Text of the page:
NEW laws could mean rogue clamping companies will have to smarten up their act or face legal action from the council.

Changes in Trading Standards laws which come into effect on Sunday, April 6, will replace a raft of existing laws with a more general offence of trading unfairly.

According to Doug Love, the head of Trading Standards in Ealing, the new legislation will hit car clamping firms particularly hard, and may lead to people successfully suing companies who do not have clear signs but tow their cars away.

He said: "The new legislation will see quite a major change in the way Trading Standards departments enforce things, and problems we were previously unable to do something about we will have powers over.

"For private parking companies it means they will have to have clear and prominent signs and look at the wording they have on their invoices."

One company which has consulted with Trading Standards to comply with the new laws is Park Direct, who were inundated with complaints over their ticketing operation outside Ealing Broadway station.

Many people complained to the Ealing Times' clamping campaign that they had pulled into the forecourt at the station and into a parking bay where signs were placed.

By the time many had read the signs and started to reverse out of the bays they a Park Direct employee had photographed their vehicle, and weeks later they were issued with notices requesting £160 for the infringement.

Mr Love continued: "Park Direct should be congratulated in the work they have done to come into line with the new laws.

"We wrote them a letter after we had a number of complaints about their activities at the station, and they have responded and worked positively with us to address the situation.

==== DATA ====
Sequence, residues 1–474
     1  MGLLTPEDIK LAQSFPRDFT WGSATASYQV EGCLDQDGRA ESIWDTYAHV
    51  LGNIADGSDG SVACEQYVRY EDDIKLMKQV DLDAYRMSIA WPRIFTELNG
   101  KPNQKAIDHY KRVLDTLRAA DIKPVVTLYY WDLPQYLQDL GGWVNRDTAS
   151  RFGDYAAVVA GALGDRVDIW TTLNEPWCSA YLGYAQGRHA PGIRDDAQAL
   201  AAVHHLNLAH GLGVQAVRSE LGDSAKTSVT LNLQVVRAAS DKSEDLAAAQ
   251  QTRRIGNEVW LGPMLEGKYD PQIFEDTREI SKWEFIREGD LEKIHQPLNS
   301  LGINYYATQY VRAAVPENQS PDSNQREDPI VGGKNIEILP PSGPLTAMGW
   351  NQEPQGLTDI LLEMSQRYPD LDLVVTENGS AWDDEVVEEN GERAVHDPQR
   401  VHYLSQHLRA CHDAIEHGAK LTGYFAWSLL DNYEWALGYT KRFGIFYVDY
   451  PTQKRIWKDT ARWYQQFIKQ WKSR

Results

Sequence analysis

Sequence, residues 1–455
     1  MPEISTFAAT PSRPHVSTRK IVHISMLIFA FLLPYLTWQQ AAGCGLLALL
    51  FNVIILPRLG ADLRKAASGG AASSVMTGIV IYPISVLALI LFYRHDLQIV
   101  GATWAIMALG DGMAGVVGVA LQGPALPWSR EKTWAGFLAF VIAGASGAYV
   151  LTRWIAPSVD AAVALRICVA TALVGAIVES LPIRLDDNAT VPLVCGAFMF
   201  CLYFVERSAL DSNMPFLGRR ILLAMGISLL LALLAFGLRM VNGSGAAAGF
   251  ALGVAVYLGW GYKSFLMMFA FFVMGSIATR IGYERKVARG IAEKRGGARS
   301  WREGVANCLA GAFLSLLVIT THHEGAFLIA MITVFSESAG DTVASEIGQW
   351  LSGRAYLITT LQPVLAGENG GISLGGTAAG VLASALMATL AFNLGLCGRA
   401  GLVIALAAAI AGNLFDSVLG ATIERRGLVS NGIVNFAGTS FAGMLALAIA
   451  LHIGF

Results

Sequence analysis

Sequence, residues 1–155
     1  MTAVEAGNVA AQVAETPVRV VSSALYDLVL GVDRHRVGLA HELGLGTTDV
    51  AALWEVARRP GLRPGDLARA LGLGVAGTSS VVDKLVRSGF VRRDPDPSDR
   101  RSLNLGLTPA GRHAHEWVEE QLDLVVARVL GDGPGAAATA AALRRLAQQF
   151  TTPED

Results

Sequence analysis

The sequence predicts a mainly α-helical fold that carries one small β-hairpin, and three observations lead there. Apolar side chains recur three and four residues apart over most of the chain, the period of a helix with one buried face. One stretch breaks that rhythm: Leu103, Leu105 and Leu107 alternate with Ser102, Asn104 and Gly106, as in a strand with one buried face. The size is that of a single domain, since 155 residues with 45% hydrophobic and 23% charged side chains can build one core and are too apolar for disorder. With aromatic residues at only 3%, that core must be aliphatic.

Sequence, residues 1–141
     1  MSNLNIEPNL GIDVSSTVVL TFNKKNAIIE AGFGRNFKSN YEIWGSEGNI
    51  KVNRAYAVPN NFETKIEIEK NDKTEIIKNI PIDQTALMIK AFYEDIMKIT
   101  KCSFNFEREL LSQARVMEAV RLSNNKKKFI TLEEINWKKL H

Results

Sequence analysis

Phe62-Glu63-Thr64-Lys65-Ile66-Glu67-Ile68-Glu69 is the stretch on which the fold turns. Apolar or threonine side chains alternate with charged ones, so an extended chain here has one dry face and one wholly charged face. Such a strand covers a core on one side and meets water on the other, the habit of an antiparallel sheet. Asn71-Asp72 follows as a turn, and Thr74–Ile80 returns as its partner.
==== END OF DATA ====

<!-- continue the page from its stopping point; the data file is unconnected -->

"They have put up new signs at the entrance and have changed the wording on the notices they send to drivers, as before they said the registered keeper was liable, whereas it is the driver who should pay."

Albie Saliba, the owner of Park Direct, said his company has worked hard to conform to the laws early.

He said: "Following the complaints I talked to Trading Standards and suspended the operation in front of the station.

"I have changed the way my practice of my whole company in order to conform to the new laws.

"We will now be giving people a grace period when they pull into the bays to allow them to pull out again, and we will be taking two photos to demonstrate this.

"We have put up new signs witht he exact wording given to us by Trading Standards, and hve even consulted them about our bills.

"Unfortunately with the nature of the business you will always get people complaining no matter what you do."

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